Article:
David Iben put it well when he said, 'Volatility is not a risk we care about. What we care about is avoiding the permanent loss of capital.' It's only natural to consider a company's balance sheet when you examine how risky it is, since debt is often involved when a business collapses. Importantly, Marley Spoon AG (ASX:MMM) does carry debt. But should shareholders be worried about its use of debt?
Why Does Debt Bring Risk?
Debt and other liabilities become risky for a business when it cannot easily fulfill those obligations, either with free cash flow or by raising capital at an attractive price. Ultimately, if the company can't fulfill its legal obligations to repay debt, shareholders could walk away with nothing. While that is not too common, we often do see indebted companies permanently diluting shareholders because lenders force them to raise capital at a distressed price. Having said that, the most common situation is where a company manages its debt reasonably well - and to its own advantage. The first step when considering a company's debt levels is to consider its cash and debt together.
What Is Marley Spoon's Net Debt?
The image below, which you can click on for greater detail, shows that Marley Spoon had debt of €21.2m at the end of December 2020, a reduction from €37.1m over a year. However, it does have €34.4m in cash offsetting this, leading to net cash of €13.3m.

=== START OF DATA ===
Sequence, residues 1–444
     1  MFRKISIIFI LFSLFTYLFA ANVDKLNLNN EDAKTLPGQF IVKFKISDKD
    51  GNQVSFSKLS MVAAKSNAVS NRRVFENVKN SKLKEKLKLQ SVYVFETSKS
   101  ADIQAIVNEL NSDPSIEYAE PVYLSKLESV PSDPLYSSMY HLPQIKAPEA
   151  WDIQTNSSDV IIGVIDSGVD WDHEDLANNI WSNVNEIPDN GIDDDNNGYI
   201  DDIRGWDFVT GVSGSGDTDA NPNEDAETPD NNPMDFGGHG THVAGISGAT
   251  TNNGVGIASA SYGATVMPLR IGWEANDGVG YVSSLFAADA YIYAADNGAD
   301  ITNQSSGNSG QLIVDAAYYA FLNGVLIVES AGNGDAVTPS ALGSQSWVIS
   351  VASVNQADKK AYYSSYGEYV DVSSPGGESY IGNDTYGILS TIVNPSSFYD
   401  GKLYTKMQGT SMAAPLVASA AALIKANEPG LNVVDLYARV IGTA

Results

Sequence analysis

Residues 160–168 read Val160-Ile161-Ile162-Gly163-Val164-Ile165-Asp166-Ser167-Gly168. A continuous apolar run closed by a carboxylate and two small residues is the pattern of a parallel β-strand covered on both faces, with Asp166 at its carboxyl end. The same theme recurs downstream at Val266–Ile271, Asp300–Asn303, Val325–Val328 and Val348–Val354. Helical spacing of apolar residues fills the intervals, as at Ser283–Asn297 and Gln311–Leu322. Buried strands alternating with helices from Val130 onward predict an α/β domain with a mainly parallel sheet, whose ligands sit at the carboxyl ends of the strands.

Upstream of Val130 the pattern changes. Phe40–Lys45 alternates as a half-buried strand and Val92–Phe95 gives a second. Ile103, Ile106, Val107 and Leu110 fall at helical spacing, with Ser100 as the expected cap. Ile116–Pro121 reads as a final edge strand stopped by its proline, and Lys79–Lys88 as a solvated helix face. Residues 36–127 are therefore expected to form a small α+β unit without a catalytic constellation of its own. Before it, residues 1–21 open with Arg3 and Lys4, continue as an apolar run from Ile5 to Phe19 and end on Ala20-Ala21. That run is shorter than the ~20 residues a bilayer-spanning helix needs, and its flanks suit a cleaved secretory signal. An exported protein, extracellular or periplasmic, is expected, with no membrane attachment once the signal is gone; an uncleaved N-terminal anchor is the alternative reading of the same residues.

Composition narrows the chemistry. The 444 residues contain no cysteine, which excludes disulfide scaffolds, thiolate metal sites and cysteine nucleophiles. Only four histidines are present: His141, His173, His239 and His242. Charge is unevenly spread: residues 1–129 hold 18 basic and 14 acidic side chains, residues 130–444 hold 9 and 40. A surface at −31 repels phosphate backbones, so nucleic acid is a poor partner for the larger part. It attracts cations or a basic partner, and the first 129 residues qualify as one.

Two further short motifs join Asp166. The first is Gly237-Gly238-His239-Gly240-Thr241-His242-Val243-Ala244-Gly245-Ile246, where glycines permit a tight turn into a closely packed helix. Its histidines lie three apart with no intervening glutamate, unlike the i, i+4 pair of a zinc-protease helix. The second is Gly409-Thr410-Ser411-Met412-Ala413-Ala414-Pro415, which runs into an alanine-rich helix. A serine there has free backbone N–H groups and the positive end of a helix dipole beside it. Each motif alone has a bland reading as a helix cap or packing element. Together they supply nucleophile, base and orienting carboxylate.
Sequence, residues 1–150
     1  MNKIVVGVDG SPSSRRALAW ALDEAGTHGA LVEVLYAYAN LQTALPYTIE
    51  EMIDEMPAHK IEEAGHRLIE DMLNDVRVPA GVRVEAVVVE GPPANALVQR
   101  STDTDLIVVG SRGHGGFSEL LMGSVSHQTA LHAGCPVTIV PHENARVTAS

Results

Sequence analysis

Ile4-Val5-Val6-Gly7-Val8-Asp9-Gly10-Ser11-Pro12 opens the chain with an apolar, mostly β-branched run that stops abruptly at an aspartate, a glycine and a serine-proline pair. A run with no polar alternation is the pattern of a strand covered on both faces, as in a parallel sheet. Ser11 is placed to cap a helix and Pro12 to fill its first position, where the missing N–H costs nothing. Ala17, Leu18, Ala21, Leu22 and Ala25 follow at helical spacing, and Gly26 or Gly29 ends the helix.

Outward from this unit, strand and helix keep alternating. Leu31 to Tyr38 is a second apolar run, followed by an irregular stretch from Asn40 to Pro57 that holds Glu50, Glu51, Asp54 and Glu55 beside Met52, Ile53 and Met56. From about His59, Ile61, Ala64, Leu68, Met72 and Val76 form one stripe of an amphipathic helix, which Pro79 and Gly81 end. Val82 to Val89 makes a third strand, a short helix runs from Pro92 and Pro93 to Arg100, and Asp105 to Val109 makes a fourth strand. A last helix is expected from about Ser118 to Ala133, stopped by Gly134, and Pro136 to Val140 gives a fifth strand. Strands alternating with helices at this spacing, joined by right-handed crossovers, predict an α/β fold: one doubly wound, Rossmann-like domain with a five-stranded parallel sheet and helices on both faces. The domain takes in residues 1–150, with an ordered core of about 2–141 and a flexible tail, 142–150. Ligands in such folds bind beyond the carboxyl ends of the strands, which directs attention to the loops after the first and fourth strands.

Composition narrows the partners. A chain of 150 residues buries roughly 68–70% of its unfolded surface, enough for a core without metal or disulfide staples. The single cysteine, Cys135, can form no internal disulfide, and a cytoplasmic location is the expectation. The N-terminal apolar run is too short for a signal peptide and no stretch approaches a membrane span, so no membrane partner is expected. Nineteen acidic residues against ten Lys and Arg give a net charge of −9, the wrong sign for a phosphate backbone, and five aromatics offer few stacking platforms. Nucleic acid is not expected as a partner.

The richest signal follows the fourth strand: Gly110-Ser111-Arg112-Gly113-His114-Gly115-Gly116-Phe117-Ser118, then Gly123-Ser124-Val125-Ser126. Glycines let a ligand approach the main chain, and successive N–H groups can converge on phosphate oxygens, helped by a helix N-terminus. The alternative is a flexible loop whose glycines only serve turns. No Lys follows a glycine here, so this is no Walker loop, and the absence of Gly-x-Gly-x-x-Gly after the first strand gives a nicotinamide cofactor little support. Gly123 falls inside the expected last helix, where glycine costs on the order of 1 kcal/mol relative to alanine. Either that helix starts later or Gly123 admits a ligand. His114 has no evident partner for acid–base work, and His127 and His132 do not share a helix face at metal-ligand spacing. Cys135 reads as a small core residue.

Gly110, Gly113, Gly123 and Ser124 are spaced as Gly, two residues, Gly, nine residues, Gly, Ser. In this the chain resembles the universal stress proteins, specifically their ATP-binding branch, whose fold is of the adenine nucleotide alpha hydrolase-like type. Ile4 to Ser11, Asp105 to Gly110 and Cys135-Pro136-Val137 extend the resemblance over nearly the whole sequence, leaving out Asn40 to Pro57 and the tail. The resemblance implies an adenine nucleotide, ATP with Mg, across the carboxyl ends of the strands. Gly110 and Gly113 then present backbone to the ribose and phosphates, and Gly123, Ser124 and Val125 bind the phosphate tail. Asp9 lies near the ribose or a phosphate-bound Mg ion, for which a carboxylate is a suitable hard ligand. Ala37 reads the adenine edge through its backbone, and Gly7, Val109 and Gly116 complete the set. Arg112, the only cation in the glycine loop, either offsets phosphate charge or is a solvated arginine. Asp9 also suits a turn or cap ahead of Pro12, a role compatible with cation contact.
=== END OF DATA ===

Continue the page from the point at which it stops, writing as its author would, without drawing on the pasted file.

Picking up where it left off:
How Strong Is Marley Spoon's Balance Sheet?
According to the last reported balance sheet, Marley Spoon had liabilities of €37.0m due within 12 months, and liabilities of €27.9m due beyond 12 months. Offsetting these obligations, it had cash of €34.4m as well as receivables valued at €697.0k due within 12 months. So its liabilities total €29.8m more than the combination of its cash and short-term receivables.
Since publicly traded Marley Spoon shares are worth a total of €514.2m, it seems unlikely that this level of liabilities would be a major threat. However, we do think it is worth keeping an eye on its balance sheet strength, as it may change over time. Despite its noteworthy liabilities, Marley Spoon boasts net cash, so it's fair to say it does not have a heavy debt load! There's no doubt that we learn most about debt from the balance sheet. But it is future earnings, more than anything, that will determine Marley Spoon's ability to maintain a healthy balance sheet going forward. So if you want to see what the professionals think, you might find this free report on analyst profit forecasts to be interesting.
Over 12 months, Marley Spoon reported revenue of €254m, which is a gain of 96%, although it did not report any earnings before interest and tax. Shareholders probably have their fingers crossed that it can grow its way to profits.
So How Risky Is Marley Spoon?
We have no doubt that loss making companies are, in general, riskier than profitable ones. And we do note that Marley Spoon had an earnings before interest and tax (EBIT) loss, over the last year. Indeed, in that time it burnt through €4.2m of cash and made a loss of €86m. Given it only has net cash of €13.3m, the company may need to raise more capital if it doesn't reach break-even soon. With very solid revenue growth in the last year, Marley Spoon may be on a path to profitability. Pre-profit companies are often risky, but they can also offer great rewards. The balance sheet is clearly the area to focus on when you are analysing debt. However, not all investment risk resides within the balance sheet - far from it. For instance, we've identified 2 warning signs for Marley Spoon (1 makes us a bit uncomfortable) you should be aware of.
When all is said and done, sometimes its easier to focus on companies that don't even need debt. Readers can access a list of growth stocks with zero net debt 100% free, right now.
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